Country Info: Senegal

Senegal

Bilateral Trade by Sector: United States - Senegal

Value ('1000 dollars), US 'domestic exports' *, US 'imports for consumption' / Includes year-to-date data

Economic Background

Senegal’s economy is driven by mining, construction, tourism, fisheries and agriculture, which are the primary sources of employment in rural areas.

The country's key export industries include phosphate mining, fertilizer production, agricultural products and commercial fishing and Senegal is also working on oil exploration projects. It relies heavily on donor assistance, remittances and foreign direct investment. Senegal reached a growth rate of 7% in 2017, due in part to strong performance in agriculture despite erratic rainfall.

President Macky SALL, who was elected in March 2012 under a reformist policy agenda, inherited an economy with high energy costs, a challenging business environment, and a culture of overspending. President SALL unveiled an ambitious economic plan, the Emerging Senegal Plan (ESP), which aims to implement priority economic reforms and investment projects to increase economic growth while preserving macroeconomic stability and debt sustainability. Bureaucratic bottlenecks and a challenging business climate are among the perennial challenges that may slow the implementation of this plan.

Senegal receives technical support from the IMF under a Policy Support Instrument (PSI) to assist with implementation of the ESP. The PSI implementation continues to be satisfactory as concluded by the IMF’s fifth review in December 2017. Financial markets have signaled confidence in Senegal through successful Eurobond issuances in 2014, 2017, and 2018.

The government is focusing on 19 projects under the ESP to continue. The government’s goal under the ESP is structural transformation of the economy.

Key projects include the Thiès-Touba Highway, the new international airport opened in December 2017, and upgrades to energy infrastructure. The cost of electricity is a chief constraint for Senegal’s development. Electricity prices in Senegal are among the highest in the world. Power Africa, a US presidential initiative led by USAID, supports Senegal’s plans to improve reliability and increase generating capacity.

Agricultural products

groundnuts, watermelons, rice, sugar cane, cassava, millet, maize, onions, sorghum, vegetables

Industries

agricultural and fish processing, phosphate mining, fertilizer production, petroleum refining, zircon, and gold mining, construction materials, ship construction and repair

Industrial production growth rate

7.7% (2017 est.)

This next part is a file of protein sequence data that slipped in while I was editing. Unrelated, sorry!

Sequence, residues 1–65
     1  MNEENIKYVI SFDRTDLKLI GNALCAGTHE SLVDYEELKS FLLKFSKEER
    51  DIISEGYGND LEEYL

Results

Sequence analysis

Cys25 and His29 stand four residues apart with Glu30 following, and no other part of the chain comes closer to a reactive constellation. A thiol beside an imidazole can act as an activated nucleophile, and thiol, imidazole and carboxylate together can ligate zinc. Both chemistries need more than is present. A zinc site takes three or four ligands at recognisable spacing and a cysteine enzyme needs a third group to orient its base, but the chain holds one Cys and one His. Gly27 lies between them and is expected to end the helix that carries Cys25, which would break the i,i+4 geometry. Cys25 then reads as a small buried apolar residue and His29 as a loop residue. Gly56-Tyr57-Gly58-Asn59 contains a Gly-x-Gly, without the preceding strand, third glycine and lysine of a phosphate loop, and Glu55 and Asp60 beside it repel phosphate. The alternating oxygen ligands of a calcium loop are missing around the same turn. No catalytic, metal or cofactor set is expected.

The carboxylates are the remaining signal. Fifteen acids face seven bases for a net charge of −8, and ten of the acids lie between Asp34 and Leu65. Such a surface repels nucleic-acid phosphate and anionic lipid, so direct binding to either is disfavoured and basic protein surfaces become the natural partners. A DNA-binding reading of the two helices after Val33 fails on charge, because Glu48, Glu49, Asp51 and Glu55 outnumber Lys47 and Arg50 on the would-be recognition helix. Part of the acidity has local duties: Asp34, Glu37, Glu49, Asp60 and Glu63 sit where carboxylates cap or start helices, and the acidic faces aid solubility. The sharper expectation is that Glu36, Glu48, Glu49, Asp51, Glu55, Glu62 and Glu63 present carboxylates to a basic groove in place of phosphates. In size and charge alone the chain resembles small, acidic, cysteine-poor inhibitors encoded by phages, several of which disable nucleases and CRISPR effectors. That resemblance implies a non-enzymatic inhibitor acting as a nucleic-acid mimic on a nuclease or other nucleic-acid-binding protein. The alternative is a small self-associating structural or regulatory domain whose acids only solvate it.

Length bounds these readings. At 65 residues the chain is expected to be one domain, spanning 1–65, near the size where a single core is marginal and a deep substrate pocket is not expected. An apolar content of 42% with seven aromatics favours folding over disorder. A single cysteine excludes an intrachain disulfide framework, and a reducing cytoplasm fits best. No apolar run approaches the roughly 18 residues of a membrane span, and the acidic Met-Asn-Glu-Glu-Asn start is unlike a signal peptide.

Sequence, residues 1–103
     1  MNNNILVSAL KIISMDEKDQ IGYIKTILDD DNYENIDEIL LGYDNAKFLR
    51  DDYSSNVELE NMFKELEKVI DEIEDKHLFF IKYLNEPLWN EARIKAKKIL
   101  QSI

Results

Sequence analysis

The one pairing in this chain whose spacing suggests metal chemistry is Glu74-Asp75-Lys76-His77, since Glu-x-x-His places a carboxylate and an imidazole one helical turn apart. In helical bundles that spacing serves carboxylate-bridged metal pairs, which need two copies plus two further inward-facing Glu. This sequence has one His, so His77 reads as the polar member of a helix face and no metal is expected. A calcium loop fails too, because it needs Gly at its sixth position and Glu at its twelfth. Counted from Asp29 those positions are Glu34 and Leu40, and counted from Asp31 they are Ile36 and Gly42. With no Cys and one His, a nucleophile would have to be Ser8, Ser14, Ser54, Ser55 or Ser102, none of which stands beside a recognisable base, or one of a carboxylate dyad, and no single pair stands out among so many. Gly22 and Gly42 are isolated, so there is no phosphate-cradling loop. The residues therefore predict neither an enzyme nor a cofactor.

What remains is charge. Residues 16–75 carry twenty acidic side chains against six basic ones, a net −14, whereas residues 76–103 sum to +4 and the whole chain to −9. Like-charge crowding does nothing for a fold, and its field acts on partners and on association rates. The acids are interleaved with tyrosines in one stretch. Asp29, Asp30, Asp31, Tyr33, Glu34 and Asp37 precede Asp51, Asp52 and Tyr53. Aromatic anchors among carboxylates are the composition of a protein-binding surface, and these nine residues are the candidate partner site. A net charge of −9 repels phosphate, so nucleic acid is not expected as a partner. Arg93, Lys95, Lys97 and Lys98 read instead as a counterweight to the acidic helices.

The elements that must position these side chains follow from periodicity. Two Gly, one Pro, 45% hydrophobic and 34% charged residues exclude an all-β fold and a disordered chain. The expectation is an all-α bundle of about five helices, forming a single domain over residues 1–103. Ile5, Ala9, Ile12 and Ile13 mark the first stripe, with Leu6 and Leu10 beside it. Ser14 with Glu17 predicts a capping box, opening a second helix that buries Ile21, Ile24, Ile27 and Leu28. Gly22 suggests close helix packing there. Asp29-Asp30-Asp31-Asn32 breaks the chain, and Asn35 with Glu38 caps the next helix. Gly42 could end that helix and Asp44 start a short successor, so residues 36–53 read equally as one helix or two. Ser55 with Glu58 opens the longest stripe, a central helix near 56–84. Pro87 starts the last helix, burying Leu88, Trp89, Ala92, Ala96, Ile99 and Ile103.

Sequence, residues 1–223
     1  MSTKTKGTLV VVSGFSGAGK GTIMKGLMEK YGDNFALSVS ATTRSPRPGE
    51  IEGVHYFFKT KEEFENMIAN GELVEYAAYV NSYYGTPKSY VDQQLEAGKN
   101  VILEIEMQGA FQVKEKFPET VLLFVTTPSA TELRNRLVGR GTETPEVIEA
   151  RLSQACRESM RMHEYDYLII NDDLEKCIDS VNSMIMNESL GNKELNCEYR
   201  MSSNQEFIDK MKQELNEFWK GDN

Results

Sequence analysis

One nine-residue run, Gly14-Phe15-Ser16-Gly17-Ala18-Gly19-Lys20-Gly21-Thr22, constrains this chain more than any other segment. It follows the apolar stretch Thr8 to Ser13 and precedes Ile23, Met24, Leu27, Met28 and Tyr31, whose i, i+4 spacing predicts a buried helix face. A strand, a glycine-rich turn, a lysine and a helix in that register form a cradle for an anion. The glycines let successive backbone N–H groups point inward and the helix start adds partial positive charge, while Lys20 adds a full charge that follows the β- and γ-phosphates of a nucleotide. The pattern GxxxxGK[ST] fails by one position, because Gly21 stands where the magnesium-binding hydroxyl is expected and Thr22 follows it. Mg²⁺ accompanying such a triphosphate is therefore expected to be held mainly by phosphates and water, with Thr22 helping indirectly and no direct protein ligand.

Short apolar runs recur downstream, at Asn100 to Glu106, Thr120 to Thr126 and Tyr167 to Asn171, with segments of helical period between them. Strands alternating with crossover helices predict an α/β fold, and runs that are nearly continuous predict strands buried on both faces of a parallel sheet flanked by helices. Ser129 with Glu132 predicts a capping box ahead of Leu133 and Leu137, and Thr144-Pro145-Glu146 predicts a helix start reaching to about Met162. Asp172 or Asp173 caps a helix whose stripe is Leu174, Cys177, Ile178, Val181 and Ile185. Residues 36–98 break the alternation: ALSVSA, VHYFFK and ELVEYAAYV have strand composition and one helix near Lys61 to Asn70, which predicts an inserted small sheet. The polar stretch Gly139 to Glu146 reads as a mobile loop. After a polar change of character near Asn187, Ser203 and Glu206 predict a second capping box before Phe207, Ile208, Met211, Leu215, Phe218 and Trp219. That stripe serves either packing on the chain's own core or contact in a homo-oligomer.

(Source: World Factbook, 2021)

View related news articles

Experts Weekly: What next for US-Africa relations?

Today, US President Barack Obama begins a weeklong trip to Africa where he will visit Senegal, South Africa and Tanzania. His mission, according to US officials, is to push US investment and help strengthen Africa's democratic institutions. US-Africa relations under Obama have been relatively low-key. This will be only the president’s second visit to the continent, and while the likes of Brazil, India and China have been increasingly active...

27 June 2013

Requests for funds to dominate Obama’s visit to Africa

US President Barack Obama's visit to Africa will be dominated by discussions on additional funding being sought from the Millennium Challenge Account (MCA) by Senegal and Tanzania, which he will visit next month along with South Africa. Mr Obama will be in Africa from June 26 to July 3, his longest official visit to Africa. Tanzania has exhausted the $698.1m it received in the first round of MCA loans and will seek to qualify for a second...

27 May 2013

West Africa: US and West African countries work towards trade deal

The United States is working with West African countries to reach a trade and investment agreement that supports efforts at economic growth and integration as American companies increasingly look toward Africa for business opportunities. U.S. Trade Representative Demetrios Marantis told AllAfrica that discussions on the Trade and Investment Framework Agreement (TIFA) with the Economic Community of West African States (Ecowas) took place last...

05 April 2013

Transforming the US-Africa commercial relationship

The U.S. can't afford to ignore investment and trade with Africa now that countries like China and India are increasingly investing in African countries. Witney Schneidman argues that the U.S. must extend the African Growth and Opportunity Act beyond its 2015 expiration and proposes some new initiatives to help American firms do more business across Africa. This chapter is part of 'Top Five Reasons Why Africa Should Be a Priority for the...

03 April 2013

Dem. Rep. Bass: US needs to strengthen trade ties with Africa

Chinese President Xi Jinping begins an African tour this week where he will seek to bolster economic ties between China and the continent. In visiting so soon after taking the reins of power, Xi is sending a strong signal about the importance of maintaining a strategic relationship with Africa. No doubt the Chinese president sought to tamp down concerns that China may be exploiting the continent’s vast resources to drive economic growth...

29 March 2013